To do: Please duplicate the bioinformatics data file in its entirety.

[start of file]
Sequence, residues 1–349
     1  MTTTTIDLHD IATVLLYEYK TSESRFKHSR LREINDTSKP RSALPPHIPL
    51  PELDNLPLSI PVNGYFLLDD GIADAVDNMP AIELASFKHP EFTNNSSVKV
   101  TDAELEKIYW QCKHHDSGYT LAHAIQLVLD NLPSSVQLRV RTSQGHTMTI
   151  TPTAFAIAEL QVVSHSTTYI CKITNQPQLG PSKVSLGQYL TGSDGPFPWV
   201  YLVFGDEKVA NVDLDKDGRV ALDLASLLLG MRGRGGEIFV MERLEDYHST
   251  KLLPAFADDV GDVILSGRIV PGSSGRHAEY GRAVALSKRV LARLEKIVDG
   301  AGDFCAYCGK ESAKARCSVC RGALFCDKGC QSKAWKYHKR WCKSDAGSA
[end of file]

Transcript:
Sequence, residues 1–349
     1  MTTTTIDLHD IATVLLYEYK TSESRFKHSR LREINDTSKP RSALPPHIPL
    51  PELDNLPLSI PVNGYFLLDD GIADAVDNMP AIELASFKHP EFTNNSSVKV
   101  TDAELEKIYW QCKHHDSGYT LAHAIQLVLD NLPSSVQLRV RTSQGHTMTI
   151  TPTAFAIAEL QVVSHSTTYI CKITNQPQLG PSKVSLGQYL TGSDGPFPWV
   201  YLVFGDEKVA NVDLDKDGRV ALDLASLLLG MRGRGGEIFV MERLEDYHST
   251  KLLPAFADDV GDVILSGRIV PGSSGRHAEY GRAVALSKRV LARLEKIVDG
   301  AGDFCAYCGK ESAKARCSVC RGALFCDKGC QSKAWKYHKR WCKSDAGSA